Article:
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BLOG: Datacentre networking: The awkward teenage years

Andre Kindness | Feb. 20, 2013
There are fantastic products available but the offerings remain immature

-Are moody. Overlay Transport Virtualisation (OTV), Virtual Ethernet Port Aggregator (VEPA), Virtual eXtensible Local Area Network (VXLAN), and others are new technologies that have little mileage and can be unpredictable or fail to even work in certain environments. Some customers said they rolled back some of their deployments because the technology was just too temperamental.

-Feel isolated. Many of the datacentre networking components from a single solution are tightly interwoven with each other; however, few vendors have provided interfaces that enable the network subsystem to share stateful information with another subsystem. The cliques are alive and well within the datacentre.

-Act self-absorbed. Networks will encompass both virtual and physical aspects. This means policies, control, and network services have to go past the last physical edge port. Virtual network functions belong to the network domain, except most solutions don't offer visibility, control, or management of the virtual network. This overly inward focus will likely thwart I&O from realising true benefits of a next-gen datacentre.

Thus, no company took a leadership position in our datacentre networking Forrester WaveTM. However, Cisco and HP lead the Strong Performers category. Each of the Strong Performers provided capabilities in two or more of the five S's. Cisco and HP separated themselves from the pack with a complete road map and vision toward delivering VNI functionality. For example, not only does Cisco offer the largest breadth of hardware products and features, but its offerings also allow I&O professionals to start thinking about enabling hybrid clouds. HP takes a different approach and focuses on driving simplicity into operations, synchronising virtual and physical networks, and integrating networking into the orchestration layer.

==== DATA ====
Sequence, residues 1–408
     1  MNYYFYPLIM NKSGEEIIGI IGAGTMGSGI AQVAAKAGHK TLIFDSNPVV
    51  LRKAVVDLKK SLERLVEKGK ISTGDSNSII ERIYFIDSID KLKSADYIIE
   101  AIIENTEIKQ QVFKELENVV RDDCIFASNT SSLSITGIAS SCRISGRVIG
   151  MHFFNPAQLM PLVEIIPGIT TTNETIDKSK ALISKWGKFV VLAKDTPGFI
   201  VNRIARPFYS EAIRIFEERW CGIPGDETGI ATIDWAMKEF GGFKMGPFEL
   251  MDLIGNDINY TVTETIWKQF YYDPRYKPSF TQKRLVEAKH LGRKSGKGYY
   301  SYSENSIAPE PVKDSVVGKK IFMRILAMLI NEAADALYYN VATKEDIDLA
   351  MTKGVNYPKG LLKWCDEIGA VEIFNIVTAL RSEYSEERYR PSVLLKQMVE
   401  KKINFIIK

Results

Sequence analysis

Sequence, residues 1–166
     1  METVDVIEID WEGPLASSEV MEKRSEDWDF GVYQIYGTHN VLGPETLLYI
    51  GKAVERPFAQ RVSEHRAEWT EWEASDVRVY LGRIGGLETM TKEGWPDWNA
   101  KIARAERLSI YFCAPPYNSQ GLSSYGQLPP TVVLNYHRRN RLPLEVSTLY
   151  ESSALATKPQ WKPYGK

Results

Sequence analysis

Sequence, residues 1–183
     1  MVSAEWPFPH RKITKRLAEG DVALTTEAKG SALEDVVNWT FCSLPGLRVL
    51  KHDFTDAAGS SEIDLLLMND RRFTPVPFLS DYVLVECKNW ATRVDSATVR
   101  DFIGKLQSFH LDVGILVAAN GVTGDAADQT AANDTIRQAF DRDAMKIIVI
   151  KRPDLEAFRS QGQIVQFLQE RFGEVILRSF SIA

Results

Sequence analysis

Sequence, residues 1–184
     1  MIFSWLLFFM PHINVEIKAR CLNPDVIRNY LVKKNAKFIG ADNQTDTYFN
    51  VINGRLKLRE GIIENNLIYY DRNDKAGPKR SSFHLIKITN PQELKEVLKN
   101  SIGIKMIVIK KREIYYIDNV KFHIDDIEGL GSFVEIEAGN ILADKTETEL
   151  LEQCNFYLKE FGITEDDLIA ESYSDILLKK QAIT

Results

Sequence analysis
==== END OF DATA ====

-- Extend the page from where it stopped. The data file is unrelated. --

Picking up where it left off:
Only because of a late start, Alcatel-Lucent, Extreme Networks, and Juniper are rapidly building out their datacentre portfolios. Each vendor has a smaller set of options because they entered the game much later than Cisco. The Contenders - Arista, Avaya, and Brocade - all have strong products for aspects of the datacentre but didn't address the full requirements of the Forrester Wave's composite organisation.

This doesn't mean that one of the vendors won't be best suited for your area. The Forrester Wave is a living document that can be altered to fit your goals. By adjusting weights of the criteria, I&O professionals can see a different set of results that will rank vendors according to their own business technology strategy.

 

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